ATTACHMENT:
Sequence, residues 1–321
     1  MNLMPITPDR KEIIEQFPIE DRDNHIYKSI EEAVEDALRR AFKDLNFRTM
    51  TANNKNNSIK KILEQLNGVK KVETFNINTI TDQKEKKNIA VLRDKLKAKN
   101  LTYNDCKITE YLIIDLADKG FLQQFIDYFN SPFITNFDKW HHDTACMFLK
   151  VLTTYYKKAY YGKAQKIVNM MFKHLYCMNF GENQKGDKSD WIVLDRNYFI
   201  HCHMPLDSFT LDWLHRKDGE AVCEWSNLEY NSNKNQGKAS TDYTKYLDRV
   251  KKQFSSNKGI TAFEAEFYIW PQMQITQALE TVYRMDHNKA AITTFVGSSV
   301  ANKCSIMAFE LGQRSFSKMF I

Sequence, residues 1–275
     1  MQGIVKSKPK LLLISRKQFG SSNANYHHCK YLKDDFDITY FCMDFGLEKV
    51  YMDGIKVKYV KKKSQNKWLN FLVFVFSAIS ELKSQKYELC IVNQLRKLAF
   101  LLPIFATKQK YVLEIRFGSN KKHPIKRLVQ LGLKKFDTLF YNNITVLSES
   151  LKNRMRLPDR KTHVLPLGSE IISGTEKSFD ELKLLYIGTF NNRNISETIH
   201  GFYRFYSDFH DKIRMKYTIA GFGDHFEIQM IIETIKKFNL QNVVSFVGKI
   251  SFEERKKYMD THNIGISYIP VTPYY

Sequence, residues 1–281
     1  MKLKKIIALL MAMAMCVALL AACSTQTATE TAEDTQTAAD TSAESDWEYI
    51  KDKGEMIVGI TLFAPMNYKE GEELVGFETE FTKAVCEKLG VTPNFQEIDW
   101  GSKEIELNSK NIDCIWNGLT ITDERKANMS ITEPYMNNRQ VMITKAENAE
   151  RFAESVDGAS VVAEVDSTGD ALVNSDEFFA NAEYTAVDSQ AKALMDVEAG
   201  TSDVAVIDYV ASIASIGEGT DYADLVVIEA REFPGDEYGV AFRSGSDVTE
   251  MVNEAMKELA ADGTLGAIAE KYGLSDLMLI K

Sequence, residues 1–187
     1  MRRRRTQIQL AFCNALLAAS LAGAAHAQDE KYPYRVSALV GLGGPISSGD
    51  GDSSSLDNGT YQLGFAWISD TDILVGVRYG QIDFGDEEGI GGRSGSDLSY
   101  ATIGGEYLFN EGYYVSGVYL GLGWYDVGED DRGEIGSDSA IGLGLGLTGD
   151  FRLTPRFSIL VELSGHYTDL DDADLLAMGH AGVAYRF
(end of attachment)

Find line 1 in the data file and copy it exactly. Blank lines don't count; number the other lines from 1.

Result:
Sequence, residues 1–321